If your on say 180k it's 1500 a year you would have saved, unnecessary and immoral at a time your expecting the poorest to get by on less
 

TeessideCleveland

Well-known member
Throwing Kwarteng under the No 45 Bus yesterday Truss didn’t want to take any responsibility and in that moment her fate will be quickly decided. Gove wading in last night. A Government with no credibility whatsoever. Things collapsing very quickly.
A 'leader' that takes no responsibility is not a leader - she approved this
 

Nano

Well-known member
If your on say 180k it's 1500 a year you would have saved, unnecessary and immoral at a time your expecting the poorest to get by on less
This wasn't for people on £180k, it was for those on £1m+ who would have seen significant savings (that they obviously don't need). Just so far out of touch that it is ridculous.
 

FatFrank

Well-known member
Its the fact they have used the term "we get it, we have listened". A term I believe was also coined by Boris Johnson when his cabinet were also U-turning on a major **** up!
 

Capybara

Well-known member
A small part of the package but which everybody focussed on. Meanwhile the other unfunded massive tax cuts are still being viewed with dismay by the markets and therefore should be viewed with equal contempt.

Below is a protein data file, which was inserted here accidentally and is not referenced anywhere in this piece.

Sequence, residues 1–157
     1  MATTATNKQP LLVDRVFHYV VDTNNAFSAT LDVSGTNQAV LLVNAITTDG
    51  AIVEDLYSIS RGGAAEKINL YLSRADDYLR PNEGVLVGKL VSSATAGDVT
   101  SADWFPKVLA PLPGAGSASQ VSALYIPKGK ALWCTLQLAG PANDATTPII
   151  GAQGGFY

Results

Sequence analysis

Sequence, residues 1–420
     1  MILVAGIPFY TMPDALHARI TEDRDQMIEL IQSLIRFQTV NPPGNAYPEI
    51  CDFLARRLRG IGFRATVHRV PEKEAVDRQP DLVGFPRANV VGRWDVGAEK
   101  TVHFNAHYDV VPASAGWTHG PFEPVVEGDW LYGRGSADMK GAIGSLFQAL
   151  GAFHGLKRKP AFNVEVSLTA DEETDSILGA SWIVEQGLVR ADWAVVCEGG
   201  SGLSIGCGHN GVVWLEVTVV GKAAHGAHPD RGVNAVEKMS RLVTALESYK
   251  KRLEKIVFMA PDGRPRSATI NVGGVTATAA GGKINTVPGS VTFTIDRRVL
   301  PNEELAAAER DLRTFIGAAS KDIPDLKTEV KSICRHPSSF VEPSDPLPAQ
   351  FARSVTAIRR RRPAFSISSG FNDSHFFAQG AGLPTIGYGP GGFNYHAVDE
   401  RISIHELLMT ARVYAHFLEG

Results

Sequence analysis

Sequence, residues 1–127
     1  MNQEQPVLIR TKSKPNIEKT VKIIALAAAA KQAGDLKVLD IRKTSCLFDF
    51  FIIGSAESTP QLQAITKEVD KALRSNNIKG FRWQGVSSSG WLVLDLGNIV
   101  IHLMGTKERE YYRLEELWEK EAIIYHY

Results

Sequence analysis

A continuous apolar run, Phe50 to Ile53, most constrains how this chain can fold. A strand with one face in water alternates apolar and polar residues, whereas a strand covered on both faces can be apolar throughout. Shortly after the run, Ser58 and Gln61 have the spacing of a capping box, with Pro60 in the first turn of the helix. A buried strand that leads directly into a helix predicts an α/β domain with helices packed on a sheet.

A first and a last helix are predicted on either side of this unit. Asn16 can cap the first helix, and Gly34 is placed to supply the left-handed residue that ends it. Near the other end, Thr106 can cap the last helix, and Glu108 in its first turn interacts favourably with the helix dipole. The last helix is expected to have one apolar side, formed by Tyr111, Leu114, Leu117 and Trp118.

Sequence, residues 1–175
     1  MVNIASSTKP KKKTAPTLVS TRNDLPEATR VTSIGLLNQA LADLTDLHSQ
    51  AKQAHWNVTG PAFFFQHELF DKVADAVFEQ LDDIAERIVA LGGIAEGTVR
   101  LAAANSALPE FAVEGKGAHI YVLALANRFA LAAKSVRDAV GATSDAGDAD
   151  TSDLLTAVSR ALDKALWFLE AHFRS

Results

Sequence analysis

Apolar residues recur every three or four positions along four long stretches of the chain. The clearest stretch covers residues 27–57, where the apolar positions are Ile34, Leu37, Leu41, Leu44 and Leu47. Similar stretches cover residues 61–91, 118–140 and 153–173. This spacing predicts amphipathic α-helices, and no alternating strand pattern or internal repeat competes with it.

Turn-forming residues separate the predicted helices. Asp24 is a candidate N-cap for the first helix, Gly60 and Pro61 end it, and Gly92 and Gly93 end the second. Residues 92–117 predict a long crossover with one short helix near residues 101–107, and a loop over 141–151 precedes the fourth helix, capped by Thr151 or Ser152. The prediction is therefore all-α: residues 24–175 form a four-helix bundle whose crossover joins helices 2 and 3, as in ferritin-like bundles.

Your market is down 1% yet again I see.
Indeed. Dead cat alert.
 

Laughing

Well-known member
The issue with the budget wasn't the 45% top rate of tax cut to 40%. It was the fact that not one of the tax cuts was funded. It was that the energy cap is essentially the government borrowing to maintain energy companies profits on the back of paye. It was removing banker bonuses caps risking another financial melt down as they gamble with our money.
 

Redwurzel

Well-known member
There are ways to pay less tax if you earn £150k/year for example set your self up as a limited company and pay yourself £12,670 as a PAYE director. With the profits of your company pay your self dividends as a share holder. Obviously some work you are not allowed to become self employed, but I read there are civil servants that have set themseleves as companies.

As an employee there is the EIS scheme where investments into gain 30% tax relief so 45% tax in effect becomes 15%.

Any income from ISAs are completely tax free, so put in £20k a year for 10 years, that £200k fund and then take off 7% interest gives a nice little £14k a year tax free.

You can also get at least 40% tax relief on £40k a year of pensions contributions.

People earning £150k to £200k and paying the income tax quoted in the media etc are in most cases not acting in their best finanacial interests.

Other wealthy living here say their income comes from abroad so like Sunak's wife (until very recently) they pay no direct taxes here.

We are not a high tax country for the wealthy if you know the right schemes which for obvious reasons are not broadcast.